Within hours, Republican presidential candidate and presumptive nominee Donald Trump took two very different stances on taxes for the wealthy.
On Sunday, speaking with ABC’s “This Week,” Trump insisted that although analyses show that the detailed tax plan he released earlier in the campaign cycle would give the wealthy an enormous tax break, overwhelming the relief he would give to the poor and middle class, that that’s not what the final outcome will be. Instead, he insisted, the rich will pay more in taxes under President Trump.
“They will go up a little bit,” he said of the taxes paid by the wealthy. “In my plan they’re going down, but by the time it’s negotiated they’ll go up.”
When host George Stephanopoulos pointed out that is a different position than outlined in his plan, he responded, “It’s not a change, George. It’s a negotiation,” adding, “If I could get my plan approved the way it is now I’d be very happy. But it’s not going to happen… By the time it gets negotiated it’s going to be a different plan.” His plan is “just a concept,” he said. “We’re putting in policy. We’re putting in a statement. It’s just a concept.”
And what will the final result be for the rich? “In my opinion,” he concluded, “the taxes for the rich will go up somewhat.”
— This Week (@ThisWeekABC) May 8, 2016
Yet the very next morning he had changed that stance. In an interview Monday morning with CNN, Trump insisted that his position had been “misrepresented” by reports saying he wants to increase taxes on the rich.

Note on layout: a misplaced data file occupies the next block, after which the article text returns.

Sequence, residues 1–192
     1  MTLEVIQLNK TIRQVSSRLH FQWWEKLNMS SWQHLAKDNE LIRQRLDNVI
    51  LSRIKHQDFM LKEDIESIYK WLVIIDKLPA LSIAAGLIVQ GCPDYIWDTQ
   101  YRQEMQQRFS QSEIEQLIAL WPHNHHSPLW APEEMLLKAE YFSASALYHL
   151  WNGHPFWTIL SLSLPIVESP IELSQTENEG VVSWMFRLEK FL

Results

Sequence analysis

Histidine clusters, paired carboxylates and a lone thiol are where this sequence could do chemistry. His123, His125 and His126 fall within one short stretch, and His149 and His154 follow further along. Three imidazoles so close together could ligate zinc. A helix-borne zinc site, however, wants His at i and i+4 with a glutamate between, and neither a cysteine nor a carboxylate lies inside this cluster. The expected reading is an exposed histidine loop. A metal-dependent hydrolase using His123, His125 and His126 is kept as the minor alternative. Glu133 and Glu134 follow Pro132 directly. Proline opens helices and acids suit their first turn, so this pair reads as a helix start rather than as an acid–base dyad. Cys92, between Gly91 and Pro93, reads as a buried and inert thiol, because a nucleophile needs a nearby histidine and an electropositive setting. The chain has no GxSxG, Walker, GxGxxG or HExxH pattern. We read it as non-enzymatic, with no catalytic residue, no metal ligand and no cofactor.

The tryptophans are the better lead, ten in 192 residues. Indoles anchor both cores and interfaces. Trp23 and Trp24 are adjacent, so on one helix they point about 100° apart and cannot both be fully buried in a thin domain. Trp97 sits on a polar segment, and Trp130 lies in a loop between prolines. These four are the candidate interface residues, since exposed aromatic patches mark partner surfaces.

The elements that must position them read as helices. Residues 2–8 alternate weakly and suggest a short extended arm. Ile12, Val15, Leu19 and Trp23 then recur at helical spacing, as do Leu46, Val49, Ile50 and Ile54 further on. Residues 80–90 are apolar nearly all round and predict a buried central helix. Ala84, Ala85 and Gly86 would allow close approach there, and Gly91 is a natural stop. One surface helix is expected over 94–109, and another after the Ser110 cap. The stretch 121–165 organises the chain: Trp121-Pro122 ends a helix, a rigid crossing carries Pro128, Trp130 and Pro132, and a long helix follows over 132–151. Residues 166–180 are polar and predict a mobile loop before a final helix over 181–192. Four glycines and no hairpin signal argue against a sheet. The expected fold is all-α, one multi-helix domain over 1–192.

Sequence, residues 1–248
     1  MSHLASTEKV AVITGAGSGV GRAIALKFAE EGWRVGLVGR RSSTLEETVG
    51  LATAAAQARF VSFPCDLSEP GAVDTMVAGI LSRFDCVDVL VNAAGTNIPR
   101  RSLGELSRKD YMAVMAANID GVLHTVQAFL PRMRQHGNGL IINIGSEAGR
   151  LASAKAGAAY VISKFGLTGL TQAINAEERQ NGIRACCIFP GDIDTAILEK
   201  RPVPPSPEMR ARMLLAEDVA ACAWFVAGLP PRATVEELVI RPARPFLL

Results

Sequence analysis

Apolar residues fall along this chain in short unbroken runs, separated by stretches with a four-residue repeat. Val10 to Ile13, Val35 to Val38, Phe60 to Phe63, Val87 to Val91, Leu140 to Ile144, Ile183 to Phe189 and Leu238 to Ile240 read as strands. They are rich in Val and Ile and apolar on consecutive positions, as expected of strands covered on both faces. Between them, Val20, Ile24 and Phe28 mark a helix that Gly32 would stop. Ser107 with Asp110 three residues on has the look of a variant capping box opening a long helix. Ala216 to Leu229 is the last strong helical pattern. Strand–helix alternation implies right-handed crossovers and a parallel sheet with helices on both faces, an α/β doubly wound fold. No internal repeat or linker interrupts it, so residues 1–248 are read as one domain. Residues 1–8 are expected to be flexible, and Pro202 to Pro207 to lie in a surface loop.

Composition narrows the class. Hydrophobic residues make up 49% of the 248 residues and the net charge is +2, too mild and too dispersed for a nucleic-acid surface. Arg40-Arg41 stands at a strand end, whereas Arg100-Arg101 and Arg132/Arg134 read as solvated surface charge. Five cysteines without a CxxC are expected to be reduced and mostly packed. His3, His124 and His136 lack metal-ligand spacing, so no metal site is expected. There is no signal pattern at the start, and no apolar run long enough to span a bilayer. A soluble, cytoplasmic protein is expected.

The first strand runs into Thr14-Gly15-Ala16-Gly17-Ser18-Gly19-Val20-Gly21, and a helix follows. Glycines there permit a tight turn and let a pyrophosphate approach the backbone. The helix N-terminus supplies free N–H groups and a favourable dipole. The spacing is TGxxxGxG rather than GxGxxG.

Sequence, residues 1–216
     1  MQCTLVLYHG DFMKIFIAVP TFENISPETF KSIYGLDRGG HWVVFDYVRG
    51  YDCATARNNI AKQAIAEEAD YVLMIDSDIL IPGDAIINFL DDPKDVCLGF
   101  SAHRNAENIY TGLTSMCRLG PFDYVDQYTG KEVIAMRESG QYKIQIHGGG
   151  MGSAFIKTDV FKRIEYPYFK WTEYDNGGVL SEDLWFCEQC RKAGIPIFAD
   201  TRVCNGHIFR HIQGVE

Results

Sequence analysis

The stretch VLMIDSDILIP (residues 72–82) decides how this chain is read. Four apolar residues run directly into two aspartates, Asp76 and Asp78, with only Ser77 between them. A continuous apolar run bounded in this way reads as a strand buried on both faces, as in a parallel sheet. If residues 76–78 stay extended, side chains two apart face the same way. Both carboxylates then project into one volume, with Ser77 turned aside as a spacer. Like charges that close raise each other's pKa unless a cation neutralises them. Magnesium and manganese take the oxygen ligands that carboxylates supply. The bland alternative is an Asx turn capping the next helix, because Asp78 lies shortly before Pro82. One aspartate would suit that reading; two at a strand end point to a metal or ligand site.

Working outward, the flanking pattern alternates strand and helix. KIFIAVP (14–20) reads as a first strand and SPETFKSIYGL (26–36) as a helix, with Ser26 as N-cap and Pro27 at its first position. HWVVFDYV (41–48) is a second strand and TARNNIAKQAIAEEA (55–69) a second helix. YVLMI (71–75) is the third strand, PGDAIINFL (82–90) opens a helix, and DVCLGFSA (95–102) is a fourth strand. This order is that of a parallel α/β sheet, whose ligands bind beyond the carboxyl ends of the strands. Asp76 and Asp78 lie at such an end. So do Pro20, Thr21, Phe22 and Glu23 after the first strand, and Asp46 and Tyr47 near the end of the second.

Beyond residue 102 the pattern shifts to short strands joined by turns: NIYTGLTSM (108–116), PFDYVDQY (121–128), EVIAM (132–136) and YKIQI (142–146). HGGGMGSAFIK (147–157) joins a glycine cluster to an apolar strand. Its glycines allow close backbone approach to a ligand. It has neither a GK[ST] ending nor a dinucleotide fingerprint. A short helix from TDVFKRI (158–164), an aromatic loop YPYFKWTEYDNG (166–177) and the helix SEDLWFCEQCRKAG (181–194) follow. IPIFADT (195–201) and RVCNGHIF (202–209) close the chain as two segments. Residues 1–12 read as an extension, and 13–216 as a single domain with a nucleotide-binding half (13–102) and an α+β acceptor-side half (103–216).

“Everybody’s getting a tax cut, especially the middle class. I said I may have to increase it on the wealthy,” he said. “If I increase it on the wealthy, that means they’re still going to be paying less than they’re paying now. I’m not talking about increasing from this point, I’m talking about increasing from my tax proposal.” He concluded by saying the wealthy “will be getting a reduction.”
— New Day (@NewDay) May 9, 2016
That statement doesn’t just contradict what he said the day before, but what he’s said of his own plan in the past. In a debate in April, he said that under his plan, “The very rich are going to end up probably paying more.”
Trump’s insistence on lowering taxes on businesses and the middle class is also founded on shaky ground. On Sunday, he said, “What I really want is lower on business, because business we’re the highest-taxed nation in the world, and lower on the middle class. The middle class in this country is getting decimated.”
Yet the United States is one of the lowest-taxed developed countries in the world, and while the official corporate tax rate is higher than in some other countries, the effective rate corporations pay is much lower. And while the middle class has declined over the years, when it comes to taxes it’s paying a lower rate than in the 1990s.
Trump did admit to changing his stance on a different economic issue. Earlier in the campaign, he had said he “would not” raise the minimum wage and that wages are “too high.” Last week, however, he said he was “looking at” raising the minimum wage. When asked by Stephanopoulos on Sunday whether that stance represents a change, Trump replied, “Sure it’s a change, I’m allowed to change. We need flexibility.”
He went further on NBC’s “Meet the Press,” saying, “I would like to see an increase of some magnitude,” and, “I don’t know how people make it on $7.25 an hour.” But he added, “I’d rather leave it to the states. Let the states decide.” That means, though, that all three candidates running for president support a higher minimum wage.